ascertained at Water Park that General Graham had already gone to
Leverton; then she wandered off in the direction of Fenton House,
hoping to find some clue to the mystery of the disappearance of the
furniture. It was just possible that she might find a track of wheels
or something of that kind, anything likely to lead to the direction in
which the van had gone. It was getting towards lunch time before Grace
came across old Griffiths, the shepherd, as the old man was bringing
his sheep in from the moorland where the main flock had been feeding
the day before. The shepherd seemed moved out of his usual philosophic
calm and greeted Grace eagerly. Like most of the country people
thereabouts he had a pretty shrewd idea of the footing on which Grace
and Max Graham stood towards each other. Grace could see the eager look
in the old man's eyes, and hope began to rise in her heart once more.

"Griffiths," she cried, "you have found something. I mean, something
relating to the mysterious way in which the Fenton's furniture has
vanished. Is that so?"

"Well, maybe it is, and maybe it isn't," Griffiths said with the
caution of his tribe. "But it seems to me I have found something. I
lost one or two of my lambs last week, and it occurred to me as perhaps
they had strayed into the big wood at the edge of the moor. I was up
before daylight and all over the big wood, but I didn't see nothing
whatever of my lambs."

"Yes, yes," Grace said eagerly. "Never mind the lambs, but tell me what
you have found in the woods."

"It was the cover," Griffiths said. "When I say the cover, I mean the
tarpaulin what was hanging over the van what took the furniture away.
It was hidden at the back of the old hut where the charcoal burners
used to be; folded up it was and pushed under a lot of faggots. Quite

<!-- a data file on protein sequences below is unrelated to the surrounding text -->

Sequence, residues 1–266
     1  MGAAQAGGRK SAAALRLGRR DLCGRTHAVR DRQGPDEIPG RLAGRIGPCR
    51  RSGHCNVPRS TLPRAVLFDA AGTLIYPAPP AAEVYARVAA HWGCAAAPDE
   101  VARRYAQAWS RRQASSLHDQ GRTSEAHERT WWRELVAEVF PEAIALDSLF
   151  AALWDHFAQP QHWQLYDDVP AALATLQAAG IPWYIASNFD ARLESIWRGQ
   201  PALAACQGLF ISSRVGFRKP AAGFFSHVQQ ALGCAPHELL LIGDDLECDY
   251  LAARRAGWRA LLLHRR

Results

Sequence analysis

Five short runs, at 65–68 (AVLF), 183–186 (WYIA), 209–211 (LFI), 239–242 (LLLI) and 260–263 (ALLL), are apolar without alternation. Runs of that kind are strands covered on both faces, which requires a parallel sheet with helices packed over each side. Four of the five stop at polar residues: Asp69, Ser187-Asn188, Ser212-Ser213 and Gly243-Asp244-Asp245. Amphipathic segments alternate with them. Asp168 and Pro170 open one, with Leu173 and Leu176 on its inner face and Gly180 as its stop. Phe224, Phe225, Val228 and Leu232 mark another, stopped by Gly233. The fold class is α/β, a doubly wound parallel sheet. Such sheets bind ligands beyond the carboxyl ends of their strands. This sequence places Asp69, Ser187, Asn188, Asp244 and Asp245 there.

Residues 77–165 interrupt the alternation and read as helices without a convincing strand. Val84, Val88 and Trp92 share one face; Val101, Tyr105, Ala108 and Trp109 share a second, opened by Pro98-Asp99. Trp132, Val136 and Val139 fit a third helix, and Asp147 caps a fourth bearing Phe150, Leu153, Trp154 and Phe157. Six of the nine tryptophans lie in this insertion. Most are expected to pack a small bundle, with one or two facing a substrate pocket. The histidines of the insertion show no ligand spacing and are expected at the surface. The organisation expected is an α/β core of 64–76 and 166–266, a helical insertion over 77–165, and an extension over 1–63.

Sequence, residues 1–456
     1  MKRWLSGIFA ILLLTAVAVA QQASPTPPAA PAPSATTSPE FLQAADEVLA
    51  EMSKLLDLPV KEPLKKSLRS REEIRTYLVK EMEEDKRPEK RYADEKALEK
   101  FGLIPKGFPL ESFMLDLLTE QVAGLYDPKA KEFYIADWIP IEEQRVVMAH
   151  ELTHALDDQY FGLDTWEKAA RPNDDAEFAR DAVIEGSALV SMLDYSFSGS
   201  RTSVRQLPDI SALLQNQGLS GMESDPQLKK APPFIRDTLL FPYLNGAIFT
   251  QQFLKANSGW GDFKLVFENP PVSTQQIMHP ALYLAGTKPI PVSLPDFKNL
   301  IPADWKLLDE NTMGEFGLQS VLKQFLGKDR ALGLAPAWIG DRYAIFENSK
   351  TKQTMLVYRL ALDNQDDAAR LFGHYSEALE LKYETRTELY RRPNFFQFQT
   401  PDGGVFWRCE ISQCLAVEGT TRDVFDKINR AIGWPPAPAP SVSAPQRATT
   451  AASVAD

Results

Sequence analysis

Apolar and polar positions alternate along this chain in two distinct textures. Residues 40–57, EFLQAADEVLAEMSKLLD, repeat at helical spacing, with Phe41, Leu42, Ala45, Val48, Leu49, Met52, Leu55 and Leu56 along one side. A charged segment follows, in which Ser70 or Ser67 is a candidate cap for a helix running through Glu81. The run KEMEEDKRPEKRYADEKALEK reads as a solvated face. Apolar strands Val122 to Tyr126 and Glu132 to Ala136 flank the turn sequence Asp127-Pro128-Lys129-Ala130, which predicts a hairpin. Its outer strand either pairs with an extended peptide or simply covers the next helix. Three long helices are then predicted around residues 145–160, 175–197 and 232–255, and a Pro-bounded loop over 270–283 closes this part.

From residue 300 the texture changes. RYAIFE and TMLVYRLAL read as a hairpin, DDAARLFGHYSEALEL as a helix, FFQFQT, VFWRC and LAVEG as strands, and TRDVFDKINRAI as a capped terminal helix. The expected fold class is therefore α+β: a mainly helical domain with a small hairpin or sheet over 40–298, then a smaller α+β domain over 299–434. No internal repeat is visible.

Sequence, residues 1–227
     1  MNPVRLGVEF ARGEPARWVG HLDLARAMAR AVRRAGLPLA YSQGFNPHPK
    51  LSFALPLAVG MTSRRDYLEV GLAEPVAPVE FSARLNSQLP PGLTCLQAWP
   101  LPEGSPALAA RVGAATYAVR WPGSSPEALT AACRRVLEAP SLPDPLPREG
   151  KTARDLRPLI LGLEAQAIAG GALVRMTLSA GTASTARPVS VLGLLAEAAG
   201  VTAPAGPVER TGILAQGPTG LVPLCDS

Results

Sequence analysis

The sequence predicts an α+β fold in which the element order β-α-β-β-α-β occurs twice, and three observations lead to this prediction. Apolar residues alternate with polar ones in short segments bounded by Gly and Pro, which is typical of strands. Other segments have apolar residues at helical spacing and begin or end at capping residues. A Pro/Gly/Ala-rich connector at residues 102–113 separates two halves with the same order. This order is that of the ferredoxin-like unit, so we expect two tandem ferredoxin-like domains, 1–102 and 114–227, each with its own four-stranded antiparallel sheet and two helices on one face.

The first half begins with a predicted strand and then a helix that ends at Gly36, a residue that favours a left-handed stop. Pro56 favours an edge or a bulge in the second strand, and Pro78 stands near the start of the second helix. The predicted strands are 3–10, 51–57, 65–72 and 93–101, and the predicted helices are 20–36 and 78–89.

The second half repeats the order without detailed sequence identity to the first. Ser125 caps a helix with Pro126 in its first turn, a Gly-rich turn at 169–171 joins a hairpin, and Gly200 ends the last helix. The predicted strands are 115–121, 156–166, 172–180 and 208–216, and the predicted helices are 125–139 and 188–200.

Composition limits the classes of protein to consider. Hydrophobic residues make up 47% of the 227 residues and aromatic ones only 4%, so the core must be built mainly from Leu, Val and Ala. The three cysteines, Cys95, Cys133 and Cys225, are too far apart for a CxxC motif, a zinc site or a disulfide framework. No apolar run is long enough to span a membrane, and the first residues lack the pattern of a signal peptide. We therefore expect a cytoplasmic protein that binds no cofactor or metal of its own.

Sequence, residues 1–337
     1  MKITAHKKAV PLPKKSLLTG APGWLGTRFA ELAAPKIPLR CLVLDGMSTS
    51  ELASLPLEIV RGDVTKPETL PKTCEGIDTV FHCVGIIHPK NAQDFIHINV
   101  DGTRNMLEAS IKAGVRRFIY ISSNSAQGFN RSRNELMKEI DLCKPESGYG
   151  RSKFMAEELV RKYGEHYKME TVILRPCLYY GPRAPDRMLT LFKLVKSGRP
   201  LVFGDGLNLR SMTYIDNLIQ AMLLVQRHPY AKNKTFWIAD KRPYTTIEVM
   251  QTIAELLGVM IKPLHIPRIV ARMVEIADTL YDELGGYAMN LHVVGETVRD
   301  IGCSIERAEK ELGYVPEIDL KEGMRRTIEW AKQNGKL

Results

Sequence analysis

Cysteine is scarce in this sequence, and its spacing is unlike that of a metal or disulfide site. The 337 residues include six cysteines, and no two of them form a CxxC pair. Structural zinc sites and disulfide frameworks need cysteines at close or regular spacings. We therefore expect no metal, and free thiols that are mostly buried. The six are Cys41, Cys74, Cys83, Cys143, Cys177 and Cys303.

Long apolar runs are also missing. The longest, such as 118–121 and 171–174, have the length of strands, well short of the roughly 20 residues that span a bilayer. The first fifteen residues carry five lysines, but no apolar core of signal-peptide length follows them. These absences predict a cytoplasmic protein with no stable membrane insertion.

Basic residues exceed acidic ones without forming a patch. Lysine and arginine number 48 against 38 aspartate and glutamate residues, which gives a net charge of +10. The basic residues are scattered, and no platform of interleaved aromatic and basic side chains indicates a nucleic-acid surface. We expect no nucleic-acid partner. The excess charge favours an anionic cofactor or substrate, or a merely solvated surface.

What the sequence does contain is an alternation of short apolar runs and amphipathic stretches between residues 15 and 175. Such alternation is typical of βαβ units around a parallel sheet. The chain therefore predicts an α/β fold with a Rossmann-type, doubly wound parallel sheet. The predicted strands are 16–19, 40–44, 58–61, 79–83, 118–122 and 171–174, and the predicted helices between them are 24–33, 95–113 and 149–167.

new, too, and I should say painted for the occasion. I have got the
thing locked up in my cottage, and you can come and see it now if you
like."

Grace decided to avail herself of the opportunity. On inspecting the
tarpaulin she was quite of Griffiths' opinion that the thing was
painted for the occasion, for though the waterproof sheet was old and
torn, the lettering was as white and clean as if it had only been done
yesterday. It was easy to see what had happened--a van belonging to
somebody else had been procured under some pretext or another, and
this cunning cloth had been thrown over it to disguise the right name
below. Excited with the discovery, Grace retraced her steps from the
shepherd's cottage and returned to the bank premises without delay.
Anything was better than doing nothing; so Grace took her bicycle
and with a packet of sandwiches in her pocket proceeded to scour the
country roads in search of anybody who might have seen the furniture
van go along.

It was nearly 4 o'clock before anything like success met her efforts.
She was some eight or ten miles from home by now, and in a locality
where her name would not probably be recognised. She was talking to
an old dame, whose pretty cottage lay on the roadside. The woman
happened to have seen a vanload of furniture go by on the previous
afternoon, but she had no recollection of the name on the van. One
thing she was certain--the van had no tarpaulin over it--indeed, it
was rather a showy affair, with a great deal of gilt about it. Grace
might have given up the clue, as furniture vans along country lanes are
no uncommon object, but she grew interested again when the old dame
suggested that there was a smaller van behind the larger one.

"Come to think of it, miss," the old woman said, "those two vans
stopped on the common behind the mill yonder. I did hear tell that one
of the men had had a bit of an accident. Anyway, I saw Dr. Jessop going
that way on his bicycle."

Grace was conscious of a quickening of her pulses. She felt certain
that she was on the right track again. If, as she suspected, Max had
been conveyed from Fenton's house in the latter van, it was just
possible that he might need medical advice, and this would account for